CHICAGO (AP) — Vandals robbed malls and shopping centers in communities outside Chicago. They stormed stores across the San Francisco Bay in what appeared to be coordinated smash-and-grabs. Banks and a sleek, modern office building were burned to the ground in a San Diego suburb.
As officials locked down city centers due to protests and violent unrest over police brutality, trouble has emerged in some neighborhoods and suburbs, leaving communities that felt insulated from the early unrest suddenly vulnerable and fearful.
Many city and suburban officials blamed most of the mayhem on opportunists rather than those protesting the killing of George Floyd, a handcuffed black man who pleaded for air as a white Minneapolis police officer pressed a knee against his neck.
More than 100 people converged on an outdoor mall in Walnut Creek, a wealthy San Francisco suburb, carrying away garbage bags stuffed with merchandise. Video from news organizations and bystanders showed women hauling pricey purses out of stores. One woman was shot in the arm by someone in a vehicle that sped from the scene, police said.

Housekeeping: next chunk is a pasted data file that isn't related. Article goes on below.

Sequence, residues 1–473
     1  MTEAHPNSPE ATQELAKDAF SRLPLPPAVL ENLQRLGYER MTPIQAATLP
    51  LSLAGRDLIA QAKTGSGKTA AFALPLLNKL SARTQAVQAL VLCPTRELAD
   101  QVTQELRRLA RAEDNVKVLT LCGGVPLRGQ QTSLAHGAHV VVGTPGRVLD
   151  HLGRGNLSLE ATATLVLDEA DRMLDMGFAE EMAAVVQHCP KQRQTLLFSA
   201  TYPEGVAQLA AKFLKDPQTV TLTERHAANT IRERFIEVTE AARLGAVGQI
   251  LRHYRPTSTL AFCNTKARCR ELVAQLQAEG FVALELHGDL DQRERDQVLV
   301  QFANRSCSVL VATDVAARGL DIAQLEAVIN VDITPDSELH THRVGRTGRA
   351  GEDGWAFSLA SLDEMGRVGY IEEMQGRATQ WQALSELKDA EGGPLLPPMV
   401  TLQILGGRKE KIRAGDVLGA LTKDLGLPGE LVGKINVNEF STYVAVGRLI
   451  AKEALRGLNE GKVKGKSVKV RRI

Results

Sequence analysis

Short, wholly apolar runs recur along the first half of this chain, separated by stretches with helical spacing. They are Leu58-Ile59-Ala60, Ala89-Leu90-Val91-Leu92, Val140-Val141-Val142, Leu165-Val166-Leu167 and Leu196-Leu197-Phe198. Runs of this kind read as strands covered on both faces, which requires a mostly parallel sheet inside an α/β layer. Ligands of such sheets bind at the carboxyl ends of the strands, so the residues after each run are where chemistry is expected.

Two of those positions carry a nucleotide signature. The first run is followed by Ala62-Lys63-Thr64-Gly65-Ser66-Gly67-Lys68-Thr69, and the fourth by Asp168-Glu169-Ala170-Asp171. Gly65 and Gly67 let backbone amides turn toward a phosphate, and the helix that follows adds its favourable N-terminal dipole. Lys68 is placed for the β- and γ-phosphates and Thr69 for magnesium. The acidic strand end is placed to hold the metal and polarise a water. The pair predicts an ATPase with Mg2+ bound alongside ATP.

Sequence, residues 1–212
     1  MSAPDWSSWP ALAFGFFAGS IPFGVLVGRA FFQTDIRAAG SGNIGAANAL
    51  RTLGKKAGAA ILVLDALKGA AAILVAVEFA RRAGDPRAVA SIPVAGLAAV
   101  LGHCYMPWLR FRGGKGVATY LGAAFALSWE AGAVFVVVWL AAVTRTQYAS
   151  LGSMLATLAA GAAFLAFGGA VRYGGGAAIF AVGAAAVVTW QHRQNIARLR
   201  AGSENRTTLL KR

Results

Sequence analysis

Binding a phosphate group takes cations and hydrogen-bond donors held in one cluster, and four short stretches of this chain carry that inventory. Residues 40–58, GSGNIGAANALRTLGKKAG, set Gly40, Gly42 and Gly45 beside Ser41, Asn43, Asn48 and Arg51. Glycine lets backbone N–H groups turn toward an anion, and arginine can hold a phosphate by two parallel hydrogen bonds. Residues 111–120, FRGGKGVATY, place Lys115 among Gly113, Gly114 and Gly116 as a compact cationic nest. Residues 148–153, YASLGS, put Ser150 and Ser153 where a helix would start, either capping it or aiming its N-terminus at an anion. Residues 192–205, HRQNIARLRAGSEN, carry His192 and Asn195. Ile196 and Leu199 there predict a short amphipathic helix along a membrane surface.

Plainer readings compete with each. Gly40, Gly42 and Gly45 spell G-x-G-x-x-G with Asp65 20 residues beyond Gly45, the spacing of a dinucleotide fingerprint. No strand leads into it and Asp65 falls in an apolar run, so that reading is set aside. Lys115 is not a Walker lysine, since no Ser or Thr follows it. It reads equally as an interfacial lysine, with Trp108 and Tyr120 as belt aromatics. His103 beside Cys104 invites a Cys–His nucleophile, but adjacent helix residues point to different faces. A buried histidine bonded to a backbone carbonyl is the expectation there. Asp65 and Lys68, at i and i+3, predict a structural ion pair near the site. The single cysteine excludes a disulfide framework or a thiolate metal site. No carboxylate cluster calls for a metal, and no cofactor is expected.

“We all understand the rage and the feelings that many have over what’s happening in Minnesota. What we’re concerned is that these people that are here have nothing to do with that; they are just here to make mayhem,” Mayor Loella Haskew told KRON-TV.
Walnut Creek was trending on Twitter Saturday with many posters threatening to stir up trouble in the wealthy and mostly white suburb.
But the problems affected racially and economically diverse neighborhoods too.
In West Philadelphia, a predominantly black neighborhood far from the city center, police on Saturday fired tear gas, people were seen running from at least one store with goods and police cars were ablaze or otherwise damaged. In Northeast Philadelphia, people ran into stores and emerged with merchandise.